Matlab equivalent syntax in Python

Robert Kern robert.kern at gmail.com
Sat Nov 27 23:38:46 CET 2010


On 2010-11-26 18:23 , Akand Islam wrote:
> On Nov 26, 3:50 pm, Cameron Simpson<c... at zip.com.au>  wrote:
>> On 26Nov2010 13:15, Akand Islam<sohel... at gmail.com>  wrote:
>> | Thanks for your posting. Like, here is the following Matlab codes
>> | which I am trying to transform into Python. Here you
>> | will find "profile clear, profile on, profile off, profile resume,
>> | profile viewer, and drawnow" syntaxes. So, what will be these
>> | equivalents
>> | in Python?
>>
>> I would start by looking at the "profile" python module:
>>
>>   http://docs.python.org/library/profile.html#module-profile
>>
>> Cheers,
>> --
>> Cameron Simpson<c... at zip.com.au>  DoD#743http://www.cskk.ezoshosting.com/cs/
>>
>> Their are thre mistakes in this sentence.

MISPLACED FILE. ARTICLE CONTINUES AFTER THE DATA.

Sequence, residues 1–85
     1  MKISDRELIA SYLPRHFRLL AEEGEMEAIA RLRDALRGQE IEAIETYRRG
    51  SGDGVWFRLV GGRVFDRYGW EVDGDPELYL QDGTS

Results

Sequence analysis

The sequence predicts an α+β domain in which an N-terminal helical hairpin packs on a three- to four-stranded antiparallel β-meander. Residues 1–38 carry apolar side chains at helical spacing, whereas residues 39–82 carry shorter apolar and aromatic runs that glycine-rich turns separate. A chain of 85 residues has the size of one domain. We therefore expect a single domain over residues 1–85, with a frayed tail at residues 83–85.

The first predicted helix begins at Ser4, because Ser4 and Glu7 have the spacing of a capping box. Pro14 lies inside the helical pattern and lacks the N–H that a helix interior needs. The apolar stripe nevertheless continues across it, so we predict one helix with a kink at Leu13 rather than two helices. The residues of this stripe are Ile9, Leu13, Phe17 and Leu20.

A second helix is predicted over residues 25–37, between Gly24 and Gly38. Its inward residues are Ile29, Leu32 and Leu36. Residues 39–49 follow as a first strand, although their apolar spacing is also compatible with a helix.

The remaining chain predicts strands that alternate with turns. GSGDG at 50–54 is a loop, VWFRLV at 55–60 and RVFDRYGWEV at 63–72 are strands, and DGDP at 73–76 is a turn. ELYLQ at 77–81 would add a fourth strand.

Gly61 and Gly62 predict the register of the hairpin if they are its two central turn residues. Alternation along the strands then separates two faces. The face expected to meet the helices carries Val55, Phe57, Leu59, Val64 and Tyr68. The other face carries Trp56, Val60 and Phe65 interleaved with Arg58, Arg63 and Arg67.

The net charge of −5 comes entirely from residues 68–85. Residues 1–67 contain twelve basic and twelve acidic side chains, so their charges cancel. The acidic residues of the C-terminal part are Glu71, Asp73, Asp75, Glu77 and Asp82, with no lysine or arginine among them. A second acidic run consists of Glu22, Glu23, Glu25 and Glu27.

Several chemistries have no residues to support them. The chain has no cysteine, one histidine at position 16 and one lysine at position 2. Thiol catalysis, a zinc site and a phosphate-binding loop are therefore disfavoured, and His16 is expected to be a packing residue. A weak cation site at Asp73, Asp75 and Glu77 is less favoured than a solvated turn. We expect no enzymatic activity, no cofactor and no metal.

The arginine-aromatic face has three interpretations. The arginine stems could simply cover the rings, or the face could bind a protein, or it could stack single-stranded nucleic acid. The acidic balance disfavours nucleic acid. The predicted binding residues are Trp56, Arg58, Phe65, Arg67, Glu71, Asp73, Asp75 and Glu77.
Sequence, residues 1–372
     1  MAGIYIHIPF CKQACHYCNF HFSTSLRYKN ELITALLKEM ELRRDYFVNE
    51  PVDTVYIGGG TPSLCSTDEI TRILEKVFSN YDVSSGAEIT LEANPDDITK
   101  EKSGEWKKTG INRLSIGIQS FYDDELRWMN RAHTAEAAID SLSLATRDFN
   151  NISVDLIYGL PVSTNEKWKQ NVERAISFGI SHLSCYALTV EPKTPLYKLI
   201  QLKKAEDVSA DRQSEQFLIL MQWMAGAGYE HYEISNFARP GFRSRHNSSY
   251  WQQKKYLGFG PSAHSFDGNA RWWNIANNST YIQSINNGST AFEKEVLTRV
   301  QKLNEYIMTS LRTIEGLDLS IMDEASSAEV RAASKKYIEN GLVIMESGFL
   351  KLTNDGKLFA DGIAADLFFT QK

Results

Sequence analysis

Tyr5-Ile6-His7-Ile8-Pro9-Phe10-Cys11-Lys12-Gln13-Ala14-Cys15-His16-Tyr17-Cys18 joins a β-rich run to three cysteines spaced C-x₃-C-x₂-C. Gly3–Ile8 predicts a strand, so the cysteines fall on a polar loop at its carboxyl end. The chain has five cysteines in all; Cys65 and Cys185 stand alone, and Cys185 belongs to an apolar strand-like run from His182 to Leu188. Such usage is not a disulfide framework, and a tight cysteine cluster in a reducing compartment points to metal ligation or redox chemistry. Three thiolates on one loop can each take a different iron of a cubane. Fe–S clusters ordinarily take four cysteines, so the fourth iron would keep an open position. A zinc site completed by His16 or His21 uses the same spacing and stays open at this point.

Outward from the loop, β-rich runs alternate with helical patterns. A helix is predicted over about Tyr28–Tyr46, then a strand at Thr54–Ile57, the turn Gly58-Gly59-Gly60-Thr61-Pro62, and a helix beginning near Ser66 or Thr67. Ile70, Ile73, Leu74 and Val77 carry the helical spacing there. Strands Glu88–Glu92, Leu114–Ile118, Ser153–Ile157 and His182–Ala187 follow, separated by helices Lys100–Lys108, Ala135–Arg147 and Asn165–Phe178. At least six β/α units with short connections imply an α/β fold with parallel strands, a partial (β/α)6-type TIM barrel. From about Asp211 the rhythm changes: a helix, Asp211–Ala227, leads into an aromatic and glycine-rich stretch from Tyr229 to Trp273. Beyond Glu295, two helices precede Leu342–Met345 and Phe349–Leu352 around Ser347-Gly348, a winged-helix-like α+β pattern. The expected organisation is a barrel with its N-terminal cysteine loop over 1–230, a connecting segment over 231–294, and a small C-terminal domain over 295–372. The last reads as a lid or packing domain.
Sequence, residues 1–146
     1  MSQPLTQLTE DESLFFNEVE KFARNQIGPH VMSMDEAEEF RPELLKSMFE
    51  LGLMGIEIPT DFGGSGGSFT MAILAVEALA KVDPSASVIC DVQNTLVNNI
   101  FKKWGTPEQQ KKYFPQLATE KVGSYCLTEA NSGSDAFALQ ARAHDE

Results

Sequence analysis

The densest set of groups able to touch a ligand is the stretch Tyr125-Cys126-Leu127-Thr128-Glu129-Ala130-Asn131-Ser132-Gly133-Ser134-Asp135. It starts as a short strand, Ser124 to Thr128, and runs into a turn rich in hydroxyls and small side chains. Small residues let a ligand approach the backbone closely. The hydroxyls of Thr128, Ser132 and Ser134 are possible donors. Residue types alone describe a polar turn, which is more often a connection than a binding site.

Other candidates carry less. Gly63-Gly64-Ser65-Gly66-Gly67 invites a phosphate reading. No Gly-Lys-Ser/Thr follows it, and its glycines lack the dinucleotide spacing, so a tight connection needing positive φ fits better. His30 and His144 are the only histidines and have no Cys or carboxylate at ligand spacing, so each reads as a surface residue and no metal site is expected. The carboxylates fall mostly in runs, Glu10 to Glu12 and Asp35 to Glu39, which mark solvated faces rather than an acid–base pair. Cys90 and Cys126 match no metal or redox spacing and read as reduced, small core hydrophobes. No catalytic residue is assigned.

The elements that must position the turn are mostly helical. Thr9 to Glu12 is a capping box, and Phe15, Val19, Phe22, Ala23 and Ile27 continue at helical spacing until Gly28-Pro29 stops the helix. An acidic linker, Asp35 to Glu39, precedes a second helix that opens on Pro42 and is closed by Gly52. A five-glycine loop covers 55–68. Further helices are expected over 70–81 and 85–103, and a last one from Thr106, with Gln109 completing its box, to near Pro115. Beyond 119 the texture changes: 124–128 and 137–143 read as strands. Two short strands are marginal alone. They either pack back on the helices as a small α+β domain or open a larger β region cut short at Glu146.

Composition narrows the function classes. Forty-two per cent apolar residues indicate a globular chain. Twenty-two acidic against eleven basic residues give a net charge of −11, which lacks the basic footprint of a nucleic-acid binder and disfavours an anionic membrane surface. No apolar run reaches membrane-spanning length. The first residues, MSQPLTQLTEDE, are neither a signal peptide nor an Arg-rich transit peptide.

>>          - Rob Ray DoD#33333<r... at linden.msvu.ca>
>
> Dear Cameron Simpson,
> Thanks for co-operation. I have gone through the link, however, I am
> not much clear. Can you please show me some python syntaxes which
> contain Matlab like "profile on.., drawnow.." and so forth?

Perhaps you could explain what those MATLAB commands do. Not everyone here is 
familiar with MATLAB. For the most part, an API like "profile on; profile off" 
is inappropriate for the "profile" Python module. It profiles the times each 
function call takes, not each line. Turning it on and off doesn't make much 
sense. The API described in the above link is better for what it does.

If you want to visualize the profile, you may want to try RunSnakeRun:

   http://www.vrplumber.com/programming/runsnakerun/

If you want line-by-line profiling, you may want to check out my package, 
line_profiler:

   http://pypi.python.org/pypi/line_profiler/

Again, we don't turn it on and off like you might do in MATLAB. Just follow the 
directions and give up trying to find a correspondence with the MATLAB commands.

-- 
Robert Kern

"I have come to believe that the whole world is an enigma, a harmless enigma
  that is made terrible by our own mad attempt to interpret it as though it had
  an underlying truth."
   -- Umberto Eco




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